One audience member who identified himself as a descendant of Samuel Gorton said he didn’t feel the School Committee was paying attention to what the students, faculty and parents had to say about their school.

“It seems like the decision has already been made,” he said. “What I want to know is, are you going to the close the school or not?”

A parent in the audience said he was concerned if Gorton closed, his son would have to travel a further distance to attend one of the other two junior highs, “at least an extra 20 minutes at the minimum,” and would have to walk home after dark during the winter months.

Alanna Morrison, a seventh grader at Gorton, said she doesn’t think she should have to move to another school.

“I’ve moved a lot in my life and I haven’t felt more at home anywhere but Gorton,” she said. “I have been in crowded classrooms and it was hard to get attention, but I can get that at Gorton. We need to stay together and not close any schools at all.”

Amanda Gorton, another descendant of Samuel Gorton, said she has a son that will be 2 years old in April and she’s looking at buying a house in East Greenwich.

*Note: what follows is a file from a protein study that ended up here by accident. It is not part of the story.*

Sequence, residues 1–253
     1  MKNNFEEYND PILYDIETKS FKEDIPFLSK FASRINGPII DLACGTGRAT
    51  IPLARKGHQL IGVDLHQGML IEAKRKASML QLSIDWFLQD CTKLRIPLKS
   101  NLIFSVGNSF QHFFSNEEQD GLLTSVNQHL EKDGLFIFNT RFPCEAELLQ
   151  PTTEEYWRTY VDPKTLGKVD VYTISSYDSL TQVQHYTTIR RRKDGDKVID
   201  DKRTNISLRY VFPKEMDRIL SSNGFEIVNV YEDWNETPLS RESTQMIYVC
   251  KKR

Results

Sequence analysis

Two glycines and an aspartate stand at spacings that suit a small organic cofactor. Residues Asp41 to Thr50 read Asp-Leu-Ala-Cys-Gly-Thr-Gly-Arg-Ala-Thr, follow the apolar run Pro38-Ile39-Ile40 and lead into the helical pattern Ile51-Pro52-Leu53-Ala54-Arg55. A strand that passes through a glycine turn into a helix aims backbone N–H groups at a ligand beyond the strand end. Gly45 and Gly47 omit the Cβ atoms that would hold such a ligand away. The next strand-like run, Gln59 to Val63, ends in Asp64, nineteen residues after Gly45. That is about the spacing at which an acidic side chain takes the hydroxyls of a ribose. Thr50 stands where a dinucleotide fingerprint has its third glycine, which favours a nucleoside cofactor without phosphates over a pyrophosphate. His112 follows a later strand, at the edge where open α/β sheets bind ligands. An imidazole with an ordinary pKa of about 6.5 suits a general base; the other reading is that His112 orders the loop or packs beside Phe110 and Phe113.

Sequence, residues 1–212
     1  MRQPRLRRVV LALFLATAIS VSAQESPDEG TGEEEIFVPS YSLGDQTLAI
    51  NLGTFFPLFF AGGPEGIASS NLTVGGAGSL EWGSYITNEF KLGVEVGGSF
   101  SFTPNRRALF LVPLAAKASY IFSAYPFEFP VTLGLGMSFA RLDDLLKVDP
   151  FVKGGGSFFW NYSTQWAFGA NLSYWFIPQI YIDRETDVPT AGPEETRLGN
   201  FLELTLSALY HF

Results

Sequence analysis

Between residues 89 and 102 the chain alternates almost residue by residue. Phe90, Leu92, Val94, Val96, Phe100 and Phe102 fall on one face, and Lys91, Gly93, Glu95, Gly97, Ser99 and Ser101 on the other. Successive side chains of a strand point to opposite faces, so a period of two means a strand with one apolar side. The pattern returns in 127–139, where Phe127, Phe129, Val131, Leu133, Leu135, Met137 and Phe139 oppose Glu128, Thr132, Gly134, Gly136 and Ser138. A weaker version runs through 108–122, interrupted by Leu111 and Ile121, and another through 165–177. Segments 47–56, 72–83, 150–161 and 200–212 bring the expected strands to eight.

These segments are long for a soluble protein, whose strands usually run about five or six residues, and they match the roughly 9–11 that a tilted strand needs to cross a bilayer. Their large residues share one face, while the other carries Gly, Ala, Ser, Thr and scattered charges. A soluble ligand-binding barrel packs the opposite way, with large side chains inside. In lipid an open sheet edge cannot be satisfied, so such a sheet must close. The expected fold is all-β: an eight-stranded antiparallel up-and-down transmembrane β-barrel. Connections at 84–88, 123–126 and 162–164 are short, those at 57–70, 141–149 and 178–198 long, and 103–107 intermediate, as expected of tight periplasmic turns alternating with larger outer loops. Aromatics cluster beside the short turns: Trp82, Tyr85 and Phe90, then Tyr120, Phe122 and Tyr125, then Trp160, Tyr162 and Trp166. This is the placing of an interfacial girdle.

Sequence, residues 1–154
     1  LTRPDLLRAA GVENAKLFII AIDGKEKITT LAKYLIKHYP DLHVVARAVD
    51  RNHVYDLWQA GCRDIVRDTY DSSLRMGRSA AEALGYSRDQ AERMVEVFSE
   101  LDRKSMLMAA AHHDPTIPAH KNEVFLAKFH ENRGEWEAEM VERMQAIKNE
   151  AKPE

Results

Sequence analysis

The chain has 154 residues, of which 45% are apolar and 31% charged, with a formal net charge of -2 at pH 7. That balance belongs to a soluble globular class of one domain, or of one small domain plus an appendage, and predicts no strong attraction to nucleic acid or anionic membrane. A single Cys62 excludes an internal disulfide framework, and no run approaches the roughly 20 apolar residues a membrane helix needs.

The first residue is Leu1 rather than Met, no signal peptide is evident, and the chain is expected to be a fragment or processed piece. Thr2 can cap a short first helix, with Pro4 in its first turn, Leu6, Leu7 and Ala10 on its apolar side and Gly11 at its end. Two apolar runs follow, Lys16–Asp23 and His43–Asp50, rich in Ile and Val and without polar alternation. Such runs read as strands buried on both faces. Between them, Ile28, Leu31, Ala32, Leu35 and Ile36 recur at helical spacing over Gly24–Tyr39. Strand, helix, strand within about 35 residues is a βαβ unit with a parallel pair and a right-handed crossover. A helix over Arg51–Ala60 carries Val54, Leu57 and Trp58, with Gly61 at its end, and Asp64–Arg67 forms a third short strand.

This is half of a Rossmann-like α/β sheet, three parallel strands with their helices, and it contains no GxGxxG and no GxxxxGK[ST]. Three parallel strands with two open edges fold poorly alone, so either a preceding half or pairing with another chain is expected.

“I don’t know if my family will receive the education they deserve, that I, my brother, my father, our grandparents, were all granted,” she said. “I hope what you choose to do is for the best and out of wisdom, not fear.”

Juliann Dutra said it means a lot to students to see their school close and for them to lose all their friends.

“It hurts,” she said, as she choked up with emotion.

Gary Marsh, who described himself as a proud parent, concerned citizen and worried taxpayer, said he’s tried to look at the school budget for the past four years online but said it’s hard to follow because “it’s always in a different format and the numbers don’t match up.”

“Why are we closing a school and putting students in a smaller area and asking them to do more with less, like we did with [the closure of] John Greene and then move in administration staff?” Marsh said. “I was under the impression that building was beyond repair.”

John Sullivan, a teacher at Aldrich, said Warwick seems to be behind the times.

“More effective teaching is done in smaller schools,” he said, adding he felt something was missing at the planning committee meetings. “I felt the committee meetings lacked a passion and a pride for your district. I’m not sure you’re doing everything you can here. This is about the students, so make the good decision for them.”

Gloria Rossiter, a teacher at Aldrich who also has children in the Warwick school system, said the committee should start looking at students as people with rights.